The joke is funnier when you know Chase is one of those singer-songwriters. People linger after his set finishes, chatting as they click instruments away into cases. It’s true, Chavez tells me, there’s a little-known but blooming art and music scene around town. That’s part of what drew him and his wife to Socorro, where they opened Box Canyon in late 2022.

A colorful display at NM Tech’s Mineral Museum.

Last year, Baca House Brewing Company also joined the party, bringing a menu of burgers and pizzas and a to-die-for patio primed for sipping through summer evenings under bistro lights and a canopy of trees. The longtimer in town, Capitol Bar & Brewery opened as a saloon in 1896 and began brewing beer in 2021. Neon now illuminates the historic bar top and pool tables.

While it’s a college town—New Mexico Institute of Mining and Technology’s campus of prim maroon-trimmed cream buildings lines the western edge—the Box Canyon crowd is made up more of faculty and longtime residents.

The New Mexico Tech campus also houses the Mineral Museum, where glass cases display jumbled blocks of magnetite, translucent blue squares of halite and sylvite, yellow-flaked uranium deposits, a lacy spread of copper, and samples of the state’s iconic turquoise. Artifacts once used to dig them out of the ground, like oil lamps and blasting caps, and traces of mining history from across the state are also on view.

Visitors check out an optical telescope on the Very Large Array group tour.

In some ways, Socorro feels like a spot for pondering earthly wonders. But just beyond the curved corners of the Magdalena Mountains, pinyon and juniper forest open into the grassy Plains of San Agustin, spotted with 28 white radio antennae. The Very Large Array scans the universe for radio signals from other galaxies, nebulae birthing stars, and even black holes in efforts to unravel the secrets of the universe.

At its widest layout, the VLA covers nearly 23 miles, but early this year, it covered just two miles. (Moving from one arrangement to the next requires a custom-built rail line and up to two weeks.) The smaller the configuration, the bigger area it can focus on, stretching at its widest to view 80 percent of the sky.

“You can think about it like zooming in and out,” explains a tour guide leading our group on a Saturday afternoon. “There’s a lot more math involved than that, but you can think about it that way.”

The VLA welcomes visitors seven days a week.

As we walk out to one antenna, chins tip up at the two-story staircases used to access the center of the 82-foot dish. Inside the operations building, where the tour regroups on a balcony for a bigger picture view of one of the largest deep-space tools on the continent, an on-site supercomputer processes data as it comes in. A new partnership with the Search for Extra Terrestrial Intelligence (SETI) allows that organization’s supercomputer to review the same data stream. This added search for an answer to whether we’re alone in the universe brings the plot points of the 1997 movie Contact, filmed in part at the VLA and starring Jodie Foster, a little closer to reality.

Now 50 years old, the VLA is on the cusp of completing a major research project. The Very Large Array Sky Survey (VLASS) is a seven-year sky-scanning effort that has found more than 2,000 new radio sources worthy of further inspection.

The VLA works on radio frequencies, which are outside the spectrum of wavelengths visible to the human eye, but those signals are translated to images for the sake of our understanding. For now, the pictures scientists can render come in as just fuzzy dots. But planning is underway for the “next generation VLA,” which will involve 263 antennae, spread into nearby states and Mexico, increasing the resolution by 100 times. A prototype will be installed late this year to face its first significant test: New Mexico’s weather.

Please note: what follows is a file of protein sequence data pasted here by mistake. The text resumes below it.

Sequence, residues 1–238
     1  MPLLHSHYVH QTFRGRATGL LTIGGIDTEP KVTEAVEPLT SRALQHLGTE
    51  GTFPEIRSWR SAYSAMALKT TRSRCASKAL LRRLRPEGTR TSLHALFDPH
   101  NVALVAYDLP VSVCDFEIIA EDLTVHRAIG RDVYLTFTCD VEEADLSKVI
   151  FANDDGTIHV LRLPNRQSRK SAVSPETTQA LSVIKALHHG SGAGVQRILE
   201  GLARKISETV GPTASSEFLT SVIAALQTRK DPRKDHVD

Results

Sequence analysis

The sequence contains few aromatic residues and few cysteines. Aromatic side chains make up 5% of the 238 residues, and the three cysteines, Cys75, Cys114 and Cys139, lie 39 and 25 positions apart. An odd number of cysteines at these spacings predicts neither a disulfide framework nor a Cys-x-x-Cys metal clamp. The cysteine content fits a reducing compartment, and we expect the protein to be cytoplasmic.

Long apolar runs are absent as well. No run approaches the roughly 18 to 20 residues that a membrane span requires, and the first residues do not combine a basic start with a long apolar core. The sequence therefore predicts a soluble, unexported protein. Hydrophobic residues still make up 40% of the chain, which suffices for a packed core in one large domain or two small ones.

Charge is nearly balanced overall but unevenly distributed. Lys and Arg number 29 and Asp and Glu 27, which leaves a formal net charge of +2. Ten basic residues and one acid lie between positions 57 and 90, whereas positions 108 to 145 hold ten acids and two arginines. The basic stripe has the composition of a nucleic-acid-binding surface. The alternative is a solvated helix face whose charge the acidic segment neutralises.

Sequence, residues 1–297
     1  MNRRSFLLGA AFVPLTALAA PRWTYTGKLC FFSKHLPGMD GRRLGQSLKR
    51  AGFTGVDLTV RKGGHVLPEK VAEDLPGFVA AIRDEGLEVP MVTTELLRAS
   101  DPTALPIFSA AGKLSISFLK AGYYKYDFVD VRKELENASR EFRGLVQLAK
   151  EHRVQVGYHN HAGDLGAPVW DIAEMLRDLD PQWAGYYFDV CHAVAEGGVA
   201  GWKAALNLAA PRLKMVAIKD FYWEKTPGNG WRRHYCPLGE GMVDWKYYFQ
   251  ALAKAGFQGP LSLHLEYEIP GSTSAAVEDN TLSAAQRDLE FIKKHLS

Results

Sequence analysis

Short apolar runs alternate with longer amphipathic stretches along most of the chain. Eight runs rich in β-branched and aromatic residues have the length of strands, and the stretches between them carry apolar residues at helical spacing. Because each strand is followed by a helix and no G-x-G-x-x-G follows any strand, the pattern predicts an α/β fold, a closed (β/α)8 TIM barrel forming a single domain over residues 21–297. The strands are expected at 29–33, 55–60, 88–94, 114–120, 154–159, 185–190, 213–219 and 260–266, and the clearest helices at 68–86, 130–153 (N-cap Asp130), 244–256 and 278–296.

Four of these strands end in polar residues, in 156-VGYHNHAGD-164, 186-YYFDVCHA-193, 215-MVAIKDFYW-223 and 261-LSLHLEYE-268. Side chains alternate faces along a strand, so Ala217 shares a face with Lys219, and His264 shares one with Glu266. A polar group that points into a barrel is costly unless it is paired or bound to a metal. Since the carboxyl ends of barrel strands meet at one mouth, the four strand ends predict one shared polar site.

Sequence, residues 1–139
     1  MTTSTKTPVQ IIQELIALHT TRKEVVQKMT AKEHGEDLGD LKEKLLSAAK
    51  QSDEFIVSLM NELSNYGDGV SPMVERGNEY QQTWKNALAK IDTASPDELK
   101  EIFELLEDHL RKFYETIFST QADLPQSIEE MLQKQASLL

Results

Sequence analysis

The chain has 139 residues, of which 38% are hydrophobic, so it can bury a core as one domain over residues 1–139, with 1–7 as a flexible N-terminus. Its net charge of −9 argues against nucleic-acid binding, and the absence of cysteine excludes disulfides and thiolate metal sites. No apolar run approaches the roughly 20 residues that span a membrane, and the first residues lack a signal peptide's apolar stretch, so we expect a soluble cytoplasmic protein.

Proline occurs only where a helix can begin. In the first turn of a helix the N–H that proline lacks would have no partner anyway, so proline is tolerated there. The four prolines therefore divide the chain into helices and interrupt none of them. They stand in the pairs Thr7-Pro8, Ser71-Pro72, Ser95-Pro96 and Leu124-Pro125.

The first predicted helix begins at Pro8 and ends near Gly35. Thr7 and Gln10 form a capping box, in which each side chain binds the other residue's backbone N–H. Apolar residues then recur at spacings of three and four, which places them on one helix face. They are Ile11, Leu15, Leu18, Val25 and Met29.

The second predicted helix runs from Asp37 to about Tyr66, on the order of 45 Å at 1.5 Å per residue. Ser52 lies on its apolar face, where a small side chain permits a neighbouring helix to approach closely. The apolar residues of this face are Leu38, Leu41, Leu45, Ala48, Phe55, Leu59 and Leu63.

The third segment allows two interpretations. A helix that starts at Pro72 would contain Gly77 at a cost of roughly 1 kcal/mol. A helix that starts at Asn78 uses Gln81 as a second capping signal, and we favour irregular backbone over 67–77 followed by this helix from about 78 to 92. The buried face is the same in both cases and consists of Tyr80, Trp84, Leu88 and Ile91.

What the prototype will enjoy is what we all do—clear, crisp air that allows for sharp stars by night and bright blue skies by day, and a distance from major cities that allows for exploring an outdoors that feels untrammeled, even if the trails are a little better tracked into the ground now.

Read more: Wanita Jones went from waitress to owner of El Camino Family Restaurant.

El Camino Restaurant serves classic eats.



Eat. Grab coffee, espresso, pastries, or bagel sandwiches from Que Suave Café. Breakfast and lunch burritos can be snagged quickly from the drive-thru at Sofia’s Kitchen, or park yourself at a table and inspect a mural while a burger makes its way to you. El Camino Restaurant plates classic New Mexican dishes and three-egg omelets worth skipping lunch for. Pub-crawl through downtown (seriously, they’re almost close enough to crawl from one to the next) at Box Canyon Brewing Company, Capitol Bar & Brewery, and Baca House Brewing Company, all near the plaza.

Shop. Rockhounds often share discoveries with the Mineral Museum at New Mexico Tech, and the sale of the glittery finds helps fund the museum. Shop the cases at the museum or the publication store across the hall. Check San Miguel Pottery Land for clay pots and all your green-alien-statue needs. Browse stained glass and ironwork art at Casa de Regalos gift shop on the plaza.

Stay. Camp at the base of the Magdalena Mountains at the Cibola National Forest’s Water Canyon Campground, which tucks into the pines. Established campsites are also scattered through the BLM lands near the Box. Not keen to sleep on the ground? Try the Lone Pine Inn, a converted lumber and hardware store off California Street that’s booked through Airbnb.

Do more. Trails loop through Sevilleta National Wildlife Refuge, where even a quick stop on the quarter-mile paved Wildflower Loop can afford a little schooling on native plants, like one-seed juniper and soapweed yucca, and a chance to watch a quail rustle under a four-wing saltbush. Sandhill cranes and other birds winter over at the wetlands found in Bosque del Apache National Wildlife Refuge along the Río Grande, but in summer, watch for hummingbirds and egrets among blooming wildflowers.